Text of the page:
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A recent analysis showed that early-stage, but aggressive (grows and spreads quickly) prostate cancer is more likely to be detected in black men and men older than 75. Generally, the percentage of men with this type of prostate cancer is very small (about 1 man out of 8,000 men develops this type of prostate cancer). Because this stage of prostate cancer causes no symptoms and cannot be felt during a physical exam or seen on imaging tests, it is only detected through prostate specific antigen (PSA) testing. PSA is a substance in the blood that is primarily made by the prostate gland. It can be found in higher-than-normal levels in men with various prostate conditions, including prostate cancer, benign (noncancerous) prostatic hyperplasia (BPH, an enlarged prostate), and inflammation or infection of the prostate.
There is controversy about using the PSA test to look for prostate cancer in men with no symptoms of the disease. Although the PSA test has been shown to lower death rates from prostate cancer by finding prostate cancer earlier, it also has increased the number of unnecessary biopsies and treatments. A biopsy is the removal of a small amount of tissue to look for cancer cells. Because of these risks, the U.S. Preventive Services Task Force (USPSTF) recommended against PSA screening for men in the general U.S. population.
In this study, researchers analyzed information from 70,345 men with early-stage prostate cancer who were diagnosed by PSA testing. Based on the chance that the disease would grow and spread, the cancer was divided into low, intermediate, and high-risk groupings. Researchers found that about 40% of men who were diagnosed with high-risk, early-stage prostate cancer were older than 75. They were also more likely to have intermediate-risk disease, when compared with patients younger than 50. In addition, black men were nearly two times more likely than white men to develop high-risk prostate cancer.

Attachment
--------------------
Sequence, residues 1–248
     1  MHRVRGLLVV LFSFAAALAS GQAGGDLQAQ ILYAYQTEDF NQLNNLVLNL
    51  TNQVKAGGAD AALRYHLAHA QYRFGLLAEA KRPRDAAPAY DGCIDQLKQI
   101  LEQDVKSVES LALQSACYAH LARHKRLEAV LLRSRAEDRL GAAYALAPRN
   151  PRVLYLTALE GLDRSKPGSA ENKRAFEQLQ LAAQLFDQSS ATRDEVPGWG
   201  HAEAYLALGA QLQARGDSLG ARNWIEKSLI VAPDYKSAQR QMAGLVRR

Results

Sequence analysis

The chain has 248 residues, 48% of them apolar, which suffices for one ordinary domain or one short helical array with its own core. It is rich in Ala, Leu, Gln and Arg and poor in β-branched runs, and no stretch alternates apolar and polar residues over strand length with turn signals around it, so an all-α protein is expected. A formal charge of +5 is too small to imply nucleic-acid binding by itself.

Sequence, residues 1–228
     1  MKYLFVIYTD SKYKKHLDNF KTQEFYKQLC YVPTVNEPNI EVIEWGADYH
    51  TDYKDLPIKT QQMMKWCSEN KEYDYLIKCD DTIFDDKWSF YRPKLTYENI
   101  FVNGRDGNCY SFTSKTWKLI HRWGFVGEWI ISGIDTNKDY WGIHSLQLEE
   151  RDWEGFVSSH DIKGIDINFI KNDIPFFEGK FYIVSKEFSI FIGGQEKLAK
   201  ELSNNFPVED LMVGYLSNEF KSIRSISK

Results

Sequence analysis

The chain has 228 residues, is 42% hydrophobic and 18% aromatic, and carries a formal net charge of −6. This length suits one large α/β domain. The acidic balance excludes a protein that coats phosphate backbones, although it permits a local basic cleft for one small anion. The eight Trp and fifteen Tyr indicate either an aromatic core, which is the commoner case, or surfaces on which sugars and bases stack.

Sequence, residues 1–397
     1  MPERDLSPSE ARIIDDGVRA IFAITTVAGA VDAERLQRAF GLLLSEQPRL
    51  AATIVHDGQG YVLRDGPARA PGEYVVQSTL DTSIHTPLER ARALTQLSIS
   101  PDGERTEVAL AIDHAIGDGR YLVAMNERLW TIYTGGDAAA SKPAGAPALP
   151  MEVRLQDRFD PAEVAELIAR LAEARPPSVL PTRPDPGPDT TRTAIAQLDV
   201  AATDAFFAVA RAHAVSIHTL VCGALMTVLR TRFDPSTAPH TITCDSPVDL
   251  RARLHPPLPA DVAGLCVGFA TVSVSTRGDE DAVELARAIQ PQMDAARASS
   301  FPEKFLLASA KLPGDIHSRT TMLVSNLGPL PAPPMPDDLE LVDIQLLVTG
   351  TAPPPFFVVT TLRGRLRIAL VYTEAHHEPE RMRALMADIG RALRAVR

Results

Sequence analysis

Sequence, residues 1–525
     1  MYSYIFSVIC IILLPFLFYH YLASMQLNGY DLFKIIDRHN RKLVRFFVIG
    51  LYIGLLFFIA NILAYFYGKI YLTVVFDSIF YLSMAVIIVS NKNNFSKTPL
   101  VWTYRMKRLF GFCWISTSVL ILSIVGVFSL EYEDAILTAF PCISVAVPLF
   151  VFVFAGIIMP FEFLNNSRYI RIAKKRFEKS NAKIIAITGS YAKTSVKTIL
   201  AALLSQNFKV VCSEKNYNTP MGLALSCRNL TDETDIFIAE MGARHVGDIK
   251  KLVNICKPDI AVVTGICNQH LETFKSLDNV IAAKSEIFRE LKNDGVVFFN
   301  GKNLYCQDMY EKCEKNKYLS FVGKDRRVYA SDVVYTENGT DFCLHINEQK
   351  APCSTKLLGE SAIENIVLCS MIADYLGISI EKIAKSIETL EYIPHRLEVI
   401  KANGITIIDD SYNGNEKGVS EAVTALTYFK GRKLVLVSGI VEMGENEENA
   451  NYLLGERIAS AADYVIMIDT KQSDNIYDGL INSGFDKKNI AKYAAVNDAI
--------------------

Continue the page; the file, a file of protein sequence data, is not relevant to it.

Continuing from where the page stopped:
What this means for patients
“If we stop PSA screening altogether, we have no other way to detect this form of prostate cancer early enough to have the best chance of helping this group of patients with high-risk disease,” said lead author Hong Zhang, MD, PhD, Associate Professor of Radiation Oncology at University of Rochester in New York. “The findings of this study will help physicians and certain patients make more informed decisions on whether or not they want to have PSA testing.” Although this study has highlighted that some men may be more likely to develop a faster-growing prostate cancer, more research is needed to find out if detecting and treating these cancers lengthens men’s lives. ASCO recommends that you discuss the risks and benefits of PSA testing with your doctor if you are expected to live longer than 10 years. To help you discuss PSA testing, ASCO provides a Decision Aid on prostate cancer testing.
Questions to Ask Your Doctor
- What is my risk of prostate cancer?
- What are the risks and benefits of PSA testing?
- Is PSA testing appropriate for me?
- If my PSA test is abnormal, what happens next? Will I need a biopsy or more testing?
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